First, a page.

There is little research available in Ireland in relation to Dual Diagnosis and homelessness but research from abroad states an estimated 50% of homeless adults have a dual diagnosis. People with a dual diagnosis are much more likely to become homeless as having a dual diagnosis often leads to overall poorer ability to handle managing one’s own life. (National Alliance for Mental Illness, USA).

Determining the number of people who are without homes at any given point is a difficult task due to the transient nature of some homelessness. It appears that services working in the area of homelessness believe that government figures are incorrect as the figures published are based only on homeless people that have contacted the local authorities. These services believe that the figures are much higher.

In order to get a snapshot of the impact of Dual Diagnosis on the homeless population in Ireland, the table below is generated from the number of clients that Focus Ireland (a registered charity that works with people without homes) dealt with in 2007)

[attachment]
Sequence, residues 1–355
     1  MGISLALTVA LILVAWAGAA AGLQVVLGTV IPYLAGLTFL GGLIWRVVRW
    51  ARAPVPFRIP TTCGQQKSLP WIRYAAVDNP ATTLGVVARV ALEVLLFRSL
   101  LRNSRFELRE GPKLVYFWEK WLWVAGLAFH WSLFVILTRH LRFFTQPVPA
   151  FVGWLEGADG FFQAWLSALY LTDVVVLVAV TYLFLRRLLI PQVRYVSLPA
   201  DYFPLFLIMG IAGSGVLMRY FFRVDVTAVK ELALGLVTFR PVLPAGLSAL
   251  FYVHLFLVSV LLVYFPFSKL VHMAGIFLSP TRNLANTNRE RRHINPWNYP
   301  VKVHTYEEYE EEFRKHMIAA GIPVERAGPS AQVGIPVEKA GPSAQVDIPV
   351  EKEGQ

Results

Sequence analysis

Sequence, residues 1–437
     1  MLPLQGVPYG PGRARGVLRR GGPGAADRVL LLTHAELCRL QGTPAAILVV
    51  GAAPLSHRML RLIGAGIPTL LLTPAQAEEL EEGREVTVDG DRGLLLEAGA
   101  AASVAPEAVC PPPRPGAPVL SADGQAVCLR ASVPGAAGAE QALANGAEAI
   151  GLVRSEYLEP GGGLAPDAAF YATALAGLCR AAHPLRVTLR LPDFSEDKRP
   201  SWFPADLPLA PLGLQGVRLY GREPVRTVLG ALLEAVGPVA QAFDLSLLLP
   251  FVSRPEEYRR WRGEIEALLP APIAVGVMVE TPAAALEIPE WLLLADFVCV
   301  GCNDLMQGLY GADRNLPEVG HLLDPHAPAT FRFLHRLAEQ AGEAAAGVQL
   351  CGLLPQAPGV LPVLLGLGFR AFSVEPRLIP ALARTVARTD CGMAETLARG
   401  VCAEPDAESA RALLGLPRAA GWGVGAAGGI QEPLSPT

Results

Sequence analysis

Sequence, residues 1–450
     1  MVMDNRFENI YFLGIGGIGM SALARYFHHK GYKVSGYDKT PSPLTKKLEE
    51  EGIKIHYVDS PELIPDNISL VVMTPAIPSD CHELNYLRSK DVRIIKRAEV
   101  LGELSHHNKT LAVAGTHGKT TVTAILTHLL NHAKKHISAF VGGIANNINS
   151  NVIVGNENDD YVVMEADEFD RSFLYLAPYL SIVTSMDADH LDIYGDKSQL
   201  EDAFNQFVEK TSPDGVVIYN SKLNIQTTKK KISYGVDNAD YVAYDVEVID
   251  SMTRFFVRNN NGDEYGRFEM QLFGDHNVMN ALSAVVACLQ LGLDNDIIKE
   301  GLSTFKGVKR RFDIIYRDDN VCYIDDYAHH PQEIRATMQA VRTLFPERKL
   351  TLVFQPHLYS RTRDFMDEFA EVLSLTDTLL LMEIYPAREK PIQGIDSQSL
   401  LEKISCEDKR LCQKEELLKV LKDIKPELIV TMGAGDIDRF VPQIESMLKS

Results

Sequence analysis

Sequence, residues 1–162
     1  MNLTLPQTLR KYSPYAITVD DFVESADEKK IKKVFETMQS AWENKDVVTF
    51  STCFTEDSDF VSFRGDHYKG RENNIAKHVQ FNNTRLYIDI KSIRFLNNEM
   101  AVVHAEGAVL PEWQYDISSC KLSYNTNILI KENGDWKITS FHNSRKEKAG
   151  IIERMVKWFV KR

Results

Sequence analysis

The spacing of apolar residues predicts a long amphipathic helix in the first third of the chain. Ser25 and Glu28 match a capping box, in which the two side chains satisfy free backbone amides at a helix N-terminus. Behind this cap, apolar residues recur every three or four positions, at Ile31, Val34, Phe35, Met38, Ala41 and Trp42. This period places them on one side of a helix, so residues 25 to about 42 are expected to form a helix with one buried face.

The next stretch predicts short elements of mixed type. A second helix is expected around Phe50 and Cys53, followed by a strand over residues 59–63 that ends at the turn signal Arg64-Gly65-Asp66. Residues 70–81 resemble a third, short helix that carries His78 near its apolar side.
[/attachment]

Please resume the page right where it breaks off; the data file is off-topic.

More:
No of clients focus Ireland worked with in 2007
Focus Ireland
% Of people estimated to have Dual Diagnosis
National Alliance on Mental Illness (NAMI)
Number of homeless people with a Dual Diagnosis
Calculated figure

Another issue for a person without a home is not having an address. If you do not have an address you do not fit into any Health Service Executive (HSE) catchement areas, so access to certain services is refused by the HSE. According to Fr. Peter McVerry the founder of the McVerry Trust

“The Holistic needs of the individual are not being addressed. There are too many borders between homelessness, drugs, mental health; you need to be in one category or the other to be dealt with, when you are in ‘multiple categories’ that is when you are in most need of assistance. I don’t see any joined up thinking, or a least the practical delivery of services in a joined up manner.”

this real life story illustrates the issue . . . Fr. McVerry’s Story